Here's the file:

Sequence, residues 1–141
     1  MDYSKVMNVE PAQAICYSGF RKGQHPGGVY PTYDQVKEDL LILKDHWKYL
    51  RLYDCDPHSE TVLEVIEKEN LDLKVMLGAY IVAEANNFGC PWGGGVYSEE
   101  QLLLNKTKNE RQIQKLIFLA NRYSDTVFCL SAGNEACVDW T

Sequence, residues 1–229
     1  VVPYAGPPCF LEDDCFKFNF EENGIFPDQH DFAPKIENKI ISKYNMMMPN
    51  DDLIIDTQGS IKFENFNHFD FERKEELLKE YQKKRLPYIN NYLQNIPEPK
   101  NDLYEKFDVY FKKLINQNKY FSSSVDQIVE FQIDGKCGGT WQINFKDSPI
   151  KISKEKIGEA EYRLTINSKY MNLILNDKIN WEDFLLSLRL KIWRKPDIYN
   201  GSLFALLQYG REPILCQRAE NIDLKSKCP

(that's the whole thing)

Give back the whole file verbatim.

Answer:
Sequence, residues 1–141
     1  MDYSKVMNVE PAQAICYSGF RKGQHPGGVY PTYDQVKEDL LILKDHWKYL
    51  RLYDCDPHSE TVLEVIEKEN LDLKVMLGAY IVAEANNFGC PWGGGVYSEE
   101  QLLLNKTKNE RQIQKLIFLA NRYSDTVFCL SAGNEACVDW T

Sequence, residues 1–229
     1  VVPYAGPPCF LEDDCFKFNF EENGIFPDQH DFAPKIENKI ISKYNMMMPN
    51  DDLIIDTQGS IKFENFNHFD FERKEELLKE YQKKRLPYIN NYLQNIPEPK
   101  NDLYEKFDVY FKKLINQNKY FSSSVDQIVE FQIDGKCGGT WQINFKDSPI
   151  KISKEKIGEA EYRLTINSKY MNLILNDKIN WEDFLLSLRL KIWRKPDIYN
   201  GSLFALLQYG REPILCQRAE NIDLKSKCP